In memory of my Mum May 10, 2013

Filed under: Uncategorized — Mother of a Man-Child @ 5:00 pm
Tags: , , , ,

rosesAs Mother’s Day approaches for another year, I had cause to reflect on my own mother, and the massive gap that she left in my life (and that of my sisters and father) when she died more than 20 years ago.

Like all mothers, she was of course an amazing woman.  And like all children, I developed a whole new appreciation of both of my parents as I became an adult and eventually a parent myself.   My mother, like many of her generation, had countless home-making skills, including knitting, sewing, crocheting, painting/drawing, ceramics, cooking, music (piano and guitar), in addition to excellent parenting skills of course, and juggling the demands of four young daughters, and managing the household on a tight budget.

There wasn’t much she couldn’t do, and do well.  I fondly recall my stunning strapless taffeta debutante gown made so expertly by my own Mum – it was more professionally finished than one you could buy in any boutique.

As if bringing up kids wasn’t enough, whilst Dad worked six days a week, she went back to university to do “finishing” (Year 12) when we were still at school, then went on to university as a mature age student.  I remember very clearly her enjoyment of certain subjects, especially the “feminist” ones like Women’s Studies!   She went on to have a successful teaching career and eventually worked in a not-for-profit organisation before becoming ill.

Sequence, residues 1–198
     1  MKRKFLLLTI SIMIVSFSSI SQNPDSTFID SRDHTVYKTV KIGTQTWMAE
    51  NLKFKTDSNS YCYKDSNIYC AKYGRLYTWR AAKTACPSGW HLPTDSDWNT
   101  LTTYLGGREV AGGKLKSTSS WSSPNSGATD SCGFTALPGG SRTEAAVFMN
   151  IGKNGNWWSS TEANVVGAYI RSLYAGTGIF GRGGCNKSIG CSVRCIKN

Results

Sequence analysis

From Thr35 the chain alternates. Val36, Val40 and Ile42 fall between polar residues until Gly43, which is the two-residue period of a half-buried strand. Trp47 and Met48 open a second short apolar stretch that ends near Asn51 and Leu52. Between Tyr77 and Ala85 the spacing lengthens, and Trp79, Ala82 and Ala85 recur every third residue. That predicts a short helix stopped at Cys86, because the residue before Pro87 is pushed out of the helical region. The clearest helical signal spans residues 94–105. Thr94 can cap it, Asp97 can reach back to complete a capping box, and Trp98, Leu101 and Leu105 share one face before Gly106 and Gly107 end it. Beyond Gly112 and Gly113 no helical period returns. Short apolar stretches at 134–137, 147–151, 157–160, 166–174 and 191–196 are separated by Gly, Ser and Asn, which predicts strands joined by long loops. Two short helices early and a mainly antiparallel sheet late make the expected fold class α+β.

Over the years, I haven’t spent a lot of time regretting not having my mother around.  More importantly, I have spent my energy living my life to the full and making sure that I follow in her footsteps, by making the most of every opportunity in life, and hoping she would be proud of the person I am (although, I think she was probably better on the parenting teenagers bit).

If I have regrets it is for all the things she has missed out on – the birth of my twin boys, and daughter, the marriages of my two sisters, and the birth of my niece.  And regret for the pain that she endured, like the tragic death of an 18-year-old daughter, and the treatment for breast cancer and then secondary cancer some years later.   And regret for her death at just 50 years old, so missing half of her lifetime, and with it the opportunity to enjoy retirement, travelling and the twilight years with my Father.  But the world continues, and we all keep living, and good things continue to happen.

I know she would love her grandchildren, and be immensely proud of her daughters and their partners.  I know she would still be grey (thanks for not sharing that gene Mum), and still have wonderful laugh lines (yes, I definitely got that one).  I know she would still be active and busy cramming life into every day, and spending time entertaining family and friends.  I wish she was still here – but in a way she is – in me!

So Happy Mothers Day Mum.  I will miss you and love you forever. xo

Here’s another take on Mothers Day a few years back – Man-Child style!!   Mother’s Day Musings

 

A tribute to an extra-ordinary man-child October 5, 2012

Filed under: Uncategorized — Mother of a Man-Child @ 5:00 pm
Tags: , , , , ,